The customer journey is the buyer's journey, i.e. the different stages that a person goes through from recognising a need to buying a product or service, including recommending it to others. It is therefore the step of becoming a promoter or a customer, starting from the role of prospect.
The stages of this customer journey are:
- Recognition: the consumer is aware of a need or problem
- Consideration: the process of researching between different purchase options
- Decision making: the buyer chooses one of these options and makes the purchase
At the same time, it is a journey that is undertaken by both a potential customer and a regular or promoter, because new needs are constantly arising. In other words, it is not a one-time journey, but occurs with every need. Moreover, a person who has already bought a product from a company may re-evaluate other options the next time he or she feels the same need.
Each customer has a different level of understanding of the product or service and therefore they are at different stages or, directly, they begin to know the company at a more advanced stage. It is an internal task to detect at what point each of them is in order to act accordingly and adapt your communication with them in an individualised way.
The main objective for the company to study the buyer's journey is to create effective communication channels with each of the customers. To do this, given the number of customers and stages of the journey, as well as the particularities of each of them, the most effective way is to create a template to be able to carry out this communication in the most effective way possible.
How to create a template:
First of all, the customer journey, its stages and how many customers or buyer personas the company will work with must be known. The customer journey is a process that goes from the first impression about the company to the purchase, so many teams, departments, strategies and sectors of the company are involved in it. It is therefore essential that everyone has access to this template, to have the same information and thus facilitate and streamline the processes.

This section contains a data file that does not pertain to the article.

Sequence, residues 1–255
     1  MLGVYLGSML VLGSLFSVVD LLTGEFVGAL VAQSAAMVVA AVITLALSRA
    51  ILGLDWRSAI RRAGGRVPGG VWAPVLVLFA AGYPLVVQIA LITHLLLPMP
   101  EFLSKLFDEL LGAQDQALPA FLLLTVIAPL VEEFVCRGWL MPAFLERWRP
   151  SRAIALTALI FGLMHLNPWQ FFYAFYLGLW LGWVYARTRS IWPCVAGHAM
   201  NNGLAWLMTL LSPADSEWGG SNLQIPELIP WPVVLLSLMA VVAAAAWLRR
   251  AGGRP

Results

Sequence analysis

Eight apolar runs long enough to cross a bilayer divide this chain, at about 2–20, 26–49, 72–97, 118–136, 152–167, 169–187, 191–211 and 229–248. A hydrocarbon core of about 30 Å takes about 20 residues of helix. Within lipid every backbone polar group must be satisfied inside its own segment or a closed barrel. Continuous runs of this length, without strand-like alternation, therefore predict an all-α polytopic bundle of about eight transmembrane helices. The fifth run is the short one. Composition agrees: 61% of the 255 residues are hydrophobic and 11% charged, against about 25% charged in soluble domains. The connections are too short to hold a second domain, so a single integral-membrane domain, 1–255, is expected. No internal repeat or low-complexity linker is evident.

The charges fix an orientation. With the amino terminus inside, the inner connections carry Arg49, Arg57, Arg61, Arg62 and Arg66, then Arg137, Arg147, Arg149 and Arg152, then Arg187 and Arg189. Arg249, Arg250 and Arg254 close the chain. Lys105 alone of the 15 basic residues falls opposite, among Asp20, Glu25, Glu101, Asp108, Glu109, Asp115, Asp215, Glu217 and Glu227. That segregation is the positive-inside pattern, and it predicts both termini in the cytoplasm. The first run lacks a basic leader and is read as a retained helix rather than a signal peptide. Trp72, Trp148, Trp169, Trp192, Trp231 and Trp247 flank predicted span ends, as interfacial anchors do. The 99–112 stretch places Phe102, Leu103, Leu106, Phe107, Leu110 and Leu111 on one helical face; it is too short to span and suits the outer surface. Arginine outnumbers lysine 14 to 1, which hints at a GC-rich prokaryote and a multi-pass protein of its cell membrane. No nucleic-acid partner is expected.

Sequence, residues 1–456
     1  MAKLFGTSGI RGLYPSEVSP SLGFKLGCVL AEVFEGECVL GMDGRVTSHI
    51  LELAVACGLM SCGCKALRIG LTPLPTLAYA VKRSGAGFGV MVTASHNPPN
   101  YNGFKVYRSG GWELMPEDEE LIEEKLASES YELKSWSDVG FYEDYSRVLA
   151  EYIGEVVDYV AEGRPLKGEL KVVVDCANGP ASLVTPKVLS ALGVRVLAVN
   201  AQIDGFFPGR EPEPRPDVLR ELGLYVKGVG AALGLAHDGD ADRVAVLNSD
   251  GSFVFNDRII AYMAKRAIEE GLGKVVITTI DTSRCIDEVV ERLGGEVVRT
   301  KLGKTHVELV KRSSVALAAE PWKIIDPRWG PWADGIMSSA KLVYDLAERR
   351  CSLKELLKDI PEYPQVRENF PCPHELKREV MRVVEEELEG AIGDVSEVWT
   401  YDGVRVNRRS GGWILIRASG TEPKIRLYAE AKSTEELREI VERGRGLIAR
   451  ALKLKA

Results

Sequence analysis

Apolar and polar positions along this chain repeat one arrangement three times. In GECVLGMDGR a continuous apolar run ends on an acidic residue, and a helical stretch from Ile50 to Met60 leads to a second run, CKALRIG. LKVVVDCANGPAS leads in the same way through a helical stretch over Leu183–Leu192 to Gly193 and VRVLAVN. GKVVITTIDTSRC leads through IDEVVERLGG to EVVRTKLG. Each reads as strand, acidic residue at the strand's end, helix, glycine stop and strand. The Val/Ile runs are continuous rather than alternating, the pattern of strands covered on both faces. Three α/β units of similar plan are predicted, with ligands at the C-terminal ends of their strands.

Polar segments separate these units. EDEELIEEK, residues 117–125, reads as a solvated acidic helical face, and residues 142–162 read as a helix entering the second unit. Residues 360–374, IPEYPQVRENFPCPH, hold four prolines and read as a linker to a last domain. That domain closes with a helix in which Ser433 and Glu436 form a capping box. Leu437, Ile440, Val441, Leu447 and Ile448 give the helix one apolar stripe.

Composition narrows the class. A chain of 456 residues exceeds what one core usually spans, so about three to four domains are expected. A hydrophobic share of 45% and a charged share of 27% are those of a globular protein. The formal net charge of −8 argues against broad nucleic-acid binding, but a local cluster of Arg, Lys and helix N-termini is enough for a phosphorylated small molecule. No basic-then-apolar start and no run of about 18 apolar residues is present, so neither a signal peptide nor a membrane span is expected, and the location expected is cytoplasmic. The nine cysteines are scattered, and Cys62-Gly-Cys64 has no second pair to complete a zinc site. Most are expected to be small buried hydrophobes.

The buyer journey template consists of a table or tables, the first of which lists the different stages of the journey in the rows and some interesting generic variables to take into account in the columns, such as the person's behaviour at that stage of the journey, the information they are looking for or the keywords they are susceptible to at that moment.
In a way, it should look something like this:
This first table is a generic template that is useful at a basic level, but it does not streamline the internal workings of the organisation, it just provides a basis on which to look at the broad outline of how to behave with the customer.
The buyer journey template that will enhance the company's plan is as follows:
This table helps the company to add utility to each stage, optimise communication over time and, ultimately, lead nurturing, as a customer who finally provides their data for the company becomes a customer. It is very useful to apply filters in these templates to isolate a specific customer and see their case separately, or to isolate a type of content to check how much use is being made of it, etc.
To do this, first of all, all the customer data must be collected, it isimportant to know which of them are more susceptible to the messages and with which ones a heavier effort should be made.
Next, think of all the ways of establishing contact with the customer that can be carried out, and include them in the table according to which one has been chosen for each of them. The most important step is to cross-reference all the variables to individualise the experience and achieve success.
Other templates can be made, such as a table showing what stage of the buyer journey each customer is at, and what internal content they would be likely to be offered, or which manager in the company is responsible for each task and whether they have completed it.
In essence, buyer journey templates respond to the need to match all interactions to the stage of the buyer journey and to coordinate that work as efficiently as possible to generate individualised and effective action.
Other useful graphical methods for the buyer journey are, for example, buyer journey maps, a flowchart representation showing the customer's progress through the different stages, showing which department is responsible at which point, the order of succession of events until success with the purchase is achieved.